On August 8, Ms. Rivas tweeted a hopeful message to her followers. “We need a free Nicaragua. What is happening now is unjust. We are prisoners in our own country and to make things worse, they are violating our rights”.
Partaking in the Revolution
Ms. Suarez began her work at the Heroes and Martyrs School of Pueblo Nuevo back in 1984. Prior to her hiring as a teacher, she volunteered in the country’s national literacy and coffee harvests campaigns.
“If we talk about the Revolution, I participated. I was a member of the national literacy board because I agreed with their slogan. The father of the Revolution is Carlos Fonseca and he said the people need to learn how to read. I saw this as an important task for society”. She later moved to Nicaragua’s capital to study Biology and Natural Science at the country’s public university, UNAN. She was a volunteer in several environmental protection groups and as a teacher, she taught leveling courses for young soldiers who were returning from their tour of duty.
Ms. Suarez was close to reaching her legal retirement. This past January, she reached her 35th anniversary of teaching. She had also doubled her required social security deductions and was suffering the debilitating effects of chronic radiculopathy. “I was going to enjoy it (my retirement). I expected this to happen (her firing) but not so soon” said Ms. Suarez.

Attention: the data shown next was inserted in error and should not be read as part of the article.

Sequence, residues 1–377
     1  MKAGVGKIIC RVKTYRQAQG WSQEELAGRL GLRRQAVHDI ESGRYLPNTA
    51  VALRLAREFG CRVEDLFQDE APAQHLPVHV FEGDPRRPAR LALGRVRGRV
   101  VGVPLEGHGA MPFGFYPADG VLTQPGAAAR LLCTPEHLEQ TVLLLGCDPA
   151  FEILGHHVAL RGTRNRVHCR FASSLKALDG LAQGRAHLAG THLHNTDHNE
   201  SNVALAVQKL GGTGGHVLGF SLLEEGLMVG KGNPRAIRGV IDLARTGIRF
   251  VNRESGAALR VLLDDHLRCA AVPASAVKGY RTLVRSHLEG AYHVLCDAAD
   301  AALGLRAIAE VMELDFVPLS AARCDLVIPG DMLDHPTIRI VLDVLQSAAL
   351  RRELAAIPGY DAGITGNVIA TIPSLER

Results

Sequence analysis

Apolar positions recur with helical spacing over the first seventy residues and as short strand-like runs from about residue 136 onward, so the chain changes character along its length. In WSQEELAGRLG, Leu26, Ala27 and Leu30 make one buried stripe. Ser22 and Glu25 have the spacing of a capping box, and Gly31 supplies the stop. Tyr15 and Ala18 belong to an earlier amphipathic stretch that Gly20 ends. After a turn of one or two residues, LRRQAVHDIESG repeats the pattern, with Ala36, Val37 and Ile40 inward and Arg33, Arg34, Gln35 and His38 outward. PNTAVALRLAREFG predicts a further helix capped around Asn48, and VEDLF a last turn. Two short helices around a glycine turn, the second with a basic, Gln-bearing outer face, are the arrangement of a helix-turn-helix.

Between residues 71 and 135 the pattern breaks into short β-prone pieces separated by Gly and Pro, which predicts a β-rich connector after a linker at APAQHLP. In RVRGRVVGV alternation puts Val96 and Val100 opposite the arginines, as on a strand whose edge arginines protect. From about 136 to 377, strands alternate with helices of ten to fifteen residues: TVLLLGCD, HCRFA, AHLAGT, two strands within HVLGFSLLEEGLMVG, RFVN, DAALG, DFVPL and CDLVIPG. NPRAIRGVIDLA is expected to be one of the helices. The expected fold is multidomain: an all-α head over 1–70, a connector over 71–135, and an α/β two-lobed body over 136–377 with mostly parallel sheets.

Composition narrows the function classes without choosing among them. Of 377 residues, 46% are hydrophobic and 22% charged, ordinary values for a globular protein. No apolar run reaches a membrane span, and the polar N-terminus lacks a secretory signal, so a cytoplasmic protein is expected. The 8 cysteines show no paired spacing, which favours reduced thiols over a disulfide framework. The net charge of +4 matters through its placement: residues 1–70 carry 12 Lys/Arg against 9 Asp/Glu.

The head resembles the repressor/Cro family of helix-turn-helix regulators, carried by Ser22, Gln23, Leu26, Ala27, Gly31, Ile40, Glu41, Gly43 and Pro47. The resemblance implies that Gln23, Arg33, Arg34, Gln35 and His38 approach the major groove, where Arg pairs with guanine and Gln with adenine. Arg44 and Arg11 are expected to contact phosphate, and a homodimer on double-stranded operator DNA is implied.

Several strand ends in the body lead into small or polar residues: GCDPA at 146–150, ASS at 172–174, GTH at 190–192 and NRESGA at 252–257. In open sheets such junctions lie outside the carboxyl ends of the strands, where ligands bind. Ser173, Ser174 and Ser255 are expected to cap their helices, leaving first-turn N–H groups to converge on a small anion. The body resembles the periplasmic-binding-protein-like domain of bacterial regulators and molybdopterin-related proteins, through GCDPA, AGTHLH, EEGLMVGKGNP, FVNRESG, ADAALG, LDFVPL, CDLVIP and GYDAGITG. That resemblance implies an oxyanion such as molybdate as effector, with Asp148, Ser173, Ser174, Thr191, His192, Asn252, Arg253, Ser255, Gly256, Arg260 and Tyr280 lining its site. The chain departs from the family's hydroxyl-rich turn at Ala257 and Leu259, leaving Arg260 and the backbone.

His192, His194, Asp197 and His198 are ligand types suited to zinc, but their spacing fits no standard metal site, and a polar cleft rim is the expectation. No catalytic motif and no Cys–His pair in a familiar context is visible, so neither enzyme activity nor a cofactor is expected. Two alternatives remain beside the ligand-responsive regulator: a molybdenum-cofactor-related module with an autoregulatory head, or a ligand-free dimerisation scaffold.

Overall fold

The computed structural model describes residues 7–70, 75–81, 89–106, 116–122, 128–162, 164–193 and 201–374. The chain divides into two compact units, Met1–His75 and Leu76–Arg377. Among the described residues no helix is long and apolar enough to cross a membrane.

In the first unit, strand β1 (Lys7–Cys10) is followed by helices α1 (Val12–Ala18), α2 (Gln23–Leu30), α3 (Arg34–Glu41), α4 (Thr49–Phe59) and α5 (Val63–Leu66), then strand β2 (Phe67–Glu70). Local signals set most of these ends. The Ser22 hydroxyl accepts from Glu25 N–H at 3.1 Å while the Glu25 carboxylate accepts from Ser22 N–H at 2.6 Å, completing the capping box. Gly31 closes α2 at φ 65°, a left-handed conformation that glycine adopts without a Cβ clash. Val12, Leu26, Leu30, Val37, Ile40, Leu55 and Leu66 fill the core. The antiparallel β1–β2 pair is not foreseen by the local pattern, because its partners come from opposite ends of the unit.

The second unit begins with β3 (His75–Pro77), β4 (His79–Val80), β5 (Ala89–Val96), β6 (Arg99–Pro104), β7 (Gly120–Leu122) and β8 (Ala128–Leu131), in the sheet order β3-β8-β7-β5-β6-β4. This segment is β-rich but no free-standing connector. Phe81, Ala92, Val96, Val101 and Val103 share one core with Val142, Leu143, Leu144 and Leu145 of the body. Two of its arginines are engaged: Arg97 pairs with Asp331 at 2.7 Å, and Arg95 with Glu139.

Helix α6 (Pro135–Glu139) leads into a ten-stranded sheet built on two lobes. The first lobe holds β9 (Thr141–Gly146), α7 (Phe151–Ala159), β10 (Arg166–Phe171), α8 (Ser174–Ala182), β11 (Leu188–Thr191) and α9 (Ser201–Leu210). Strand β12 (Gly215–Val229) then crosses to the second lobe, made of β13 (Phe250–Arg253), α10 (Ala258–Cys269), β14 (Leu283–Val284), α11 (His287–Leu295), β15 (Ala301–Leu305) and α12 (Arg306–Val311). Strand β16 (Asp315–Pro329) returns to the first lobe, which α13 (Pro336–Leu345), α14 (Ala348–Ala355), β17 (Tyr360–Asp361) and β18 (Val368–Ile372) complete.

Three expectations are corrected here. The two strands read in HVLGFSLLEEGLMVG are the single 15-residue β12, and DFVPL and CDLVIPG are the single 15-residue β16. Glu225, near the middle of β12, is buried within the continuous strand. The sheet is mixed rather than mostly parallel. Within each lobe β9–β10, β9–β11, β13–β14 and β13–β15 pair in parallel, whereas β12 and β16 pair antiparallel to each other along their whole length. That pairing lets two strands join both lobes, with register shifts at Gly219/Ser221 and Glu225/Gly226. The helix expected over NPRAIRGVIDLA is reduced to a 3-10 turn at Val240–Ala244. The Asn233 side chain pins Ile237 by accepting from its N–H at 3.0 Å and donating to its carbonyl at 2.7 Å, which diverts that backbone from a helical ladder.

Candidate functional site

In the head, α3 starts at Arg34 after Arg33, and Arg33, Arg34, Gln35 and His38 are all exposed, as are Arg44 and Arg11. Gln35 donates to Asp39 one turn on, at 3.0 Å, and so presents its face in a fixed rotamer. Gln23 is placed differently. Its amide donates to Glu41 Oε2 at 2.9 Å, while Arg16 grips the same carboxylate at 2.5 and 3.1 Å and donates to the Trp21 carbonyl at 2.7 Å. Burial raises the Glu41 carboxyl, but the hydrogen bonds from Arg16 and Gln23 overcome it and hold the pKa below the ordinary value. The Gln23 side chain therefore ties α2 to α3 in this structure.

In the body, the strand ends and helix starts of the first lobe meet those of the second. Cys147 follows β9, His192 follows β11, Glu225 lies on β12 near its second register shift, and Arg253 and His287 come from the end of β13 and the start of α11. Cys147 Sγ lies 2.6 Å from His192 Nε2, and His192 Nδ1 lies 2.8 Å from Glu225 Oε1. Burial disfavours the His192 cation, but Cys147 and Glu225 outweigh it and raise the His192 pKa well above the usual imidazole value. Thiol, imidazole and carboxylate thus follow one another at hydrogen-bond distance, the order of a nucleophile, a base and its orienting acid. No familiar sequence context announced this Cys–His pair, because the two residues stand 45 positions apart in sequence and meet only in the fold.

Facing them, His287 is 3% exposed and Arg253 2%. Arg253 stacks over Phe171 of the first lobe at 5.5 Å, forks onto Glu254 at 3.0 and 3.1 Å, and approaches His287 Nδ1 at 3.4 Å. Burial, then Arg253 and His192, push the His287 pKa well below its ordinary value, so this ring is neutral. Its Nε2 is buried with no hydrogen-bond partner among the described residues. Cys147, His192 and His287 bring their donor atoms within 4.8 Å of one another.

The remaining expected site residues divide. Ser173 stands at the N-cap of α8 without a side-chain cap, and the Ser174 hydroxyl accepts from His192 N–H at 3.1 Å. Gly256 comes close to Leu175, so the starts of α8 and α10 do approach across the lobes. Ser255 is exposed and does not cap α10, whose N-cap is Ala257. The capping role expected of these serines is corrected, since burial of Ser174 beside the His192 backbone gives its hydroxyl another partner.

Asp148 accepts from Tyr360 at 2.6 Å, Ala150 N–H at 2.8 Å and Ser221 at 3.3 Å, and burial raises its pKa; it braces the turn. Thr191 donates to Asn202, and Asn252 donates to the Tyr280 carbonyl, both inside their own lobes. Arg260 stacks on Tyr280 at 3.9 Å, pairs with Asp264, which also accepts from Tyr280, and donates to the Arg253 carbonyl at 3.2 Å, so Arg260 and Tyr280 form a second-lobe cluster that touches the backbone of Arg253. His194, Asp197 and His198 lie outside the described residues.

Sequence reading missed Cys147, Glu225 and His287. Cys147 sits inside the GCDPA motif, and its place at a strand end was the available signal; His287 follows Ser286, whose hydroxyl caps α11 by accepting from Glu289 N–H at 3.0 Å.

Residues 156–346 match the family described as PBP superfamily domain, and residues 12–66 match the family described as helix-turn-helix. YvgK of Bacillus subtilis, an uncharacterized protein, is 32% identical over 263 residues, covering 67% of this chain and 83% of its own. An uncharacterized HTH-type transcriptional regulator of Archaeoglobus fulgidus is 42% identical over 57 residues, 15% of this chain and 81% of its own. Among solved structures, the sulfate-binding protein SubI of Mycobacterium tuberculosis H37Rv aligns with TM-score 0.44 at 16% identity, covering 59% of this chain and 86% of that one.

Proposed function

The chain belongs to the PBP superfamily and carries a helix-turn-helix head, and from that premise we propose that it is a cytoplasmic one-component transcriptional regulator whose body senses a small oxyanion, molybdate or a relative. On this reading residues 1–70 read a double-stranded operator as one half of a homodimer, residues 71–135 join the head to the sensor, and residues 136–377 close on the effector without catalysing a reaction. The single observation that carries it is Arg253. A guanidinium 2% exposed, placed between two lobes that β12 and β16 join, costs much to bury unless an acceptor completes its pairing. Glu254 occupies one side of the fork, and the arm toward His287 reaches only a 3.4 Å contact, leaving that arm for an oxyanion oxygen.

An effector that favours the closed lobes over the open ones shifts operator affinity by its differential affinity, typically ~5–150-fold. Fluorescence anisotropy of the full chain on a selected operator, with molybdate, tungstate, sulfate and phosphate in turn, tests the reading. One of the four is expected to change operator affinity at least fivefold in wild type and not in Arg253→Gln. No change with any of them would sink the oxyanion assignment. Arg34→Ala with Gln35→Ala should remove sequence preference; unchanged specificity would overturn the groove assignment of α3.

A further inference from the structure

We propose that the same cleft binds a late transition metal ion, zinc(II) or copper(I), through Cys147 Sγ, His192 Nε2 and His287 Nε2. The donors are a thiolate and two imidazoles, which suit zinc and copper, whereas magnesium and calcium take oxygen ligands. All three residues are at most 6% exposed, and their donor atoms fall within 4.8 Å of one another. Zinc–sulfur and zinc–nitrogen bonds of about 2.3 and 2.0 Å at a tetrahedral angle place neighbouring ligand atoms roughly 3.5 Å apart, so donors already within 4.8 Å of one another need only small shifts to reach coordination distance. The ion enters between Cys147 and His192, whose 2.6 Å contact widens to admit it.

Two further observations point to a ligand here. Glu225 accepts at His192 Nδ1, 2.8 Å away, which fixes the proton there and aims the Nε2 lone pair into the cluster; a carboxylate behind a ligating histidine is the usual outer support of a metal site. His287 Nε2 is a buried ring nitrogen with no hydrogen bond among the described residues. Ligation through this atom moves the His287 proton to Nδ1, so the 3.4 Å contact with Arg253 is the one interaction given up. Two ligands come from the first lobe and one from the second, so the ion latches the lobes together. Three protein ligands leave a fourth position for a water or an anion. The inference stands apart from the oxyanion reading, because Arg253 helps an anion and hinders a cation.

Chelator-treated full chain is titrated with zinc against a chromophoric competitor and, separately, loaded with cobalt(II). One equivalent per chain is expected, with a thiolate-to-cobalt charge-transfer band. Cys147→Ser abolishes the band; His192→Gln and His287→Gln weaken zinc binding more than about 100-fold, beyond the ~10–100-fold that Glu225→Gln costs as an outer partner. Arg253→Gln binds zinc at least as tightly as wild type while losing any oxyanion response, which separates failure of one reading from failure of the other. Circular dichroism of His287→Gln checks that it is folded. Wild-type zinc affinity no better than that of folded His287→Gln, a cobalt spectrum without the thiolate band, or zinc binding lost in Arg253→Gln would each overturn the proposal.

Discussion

Ms. Suarez does not regret supporting the anti-government civilian protest. “That’s my flag, I am not against anyone. I supported the kids who participated in the marches. My conscience is clear; my students can say whether I am a bad or good teacher. I am against fraudulent grading because a teacher should work by the book, should behave professionally”.
Elementary and high school students protested in schools in Condega, Esteli against the arbitrary dismissal of teachers. In Pueblo Nuevo, there were no protest but there was a public display of support at Ms. Suarez house. “Even though teachers may not agree with certain things, many remain silent because they still have many years ahead before retiring. My conscience is clear because I have not burned nor stolen anything. I feel that I responded appropriately when I was being attacked. Those who attacked me were teachers from the school administration. They slandered the priests and laughed but this did not harm me nor will it. I feel strength. God is just and great. To me this is a surface nuisance. I have not lost anything of note”.
Ms. Suarez still has not received her salary check. For this reason, she hired a lawyer to carry out due diligence procedures and force MINED to pay her social benefits as required by law. “God has justice in his hands. Divine justice is better. I do not have anything personal against them (the government, the teachers, and the MINED delegate). May God bless them and may they continue ahead”, said Miss Suarez, who prior to her dismissal, gave 10th graders classes during the afternoon shift.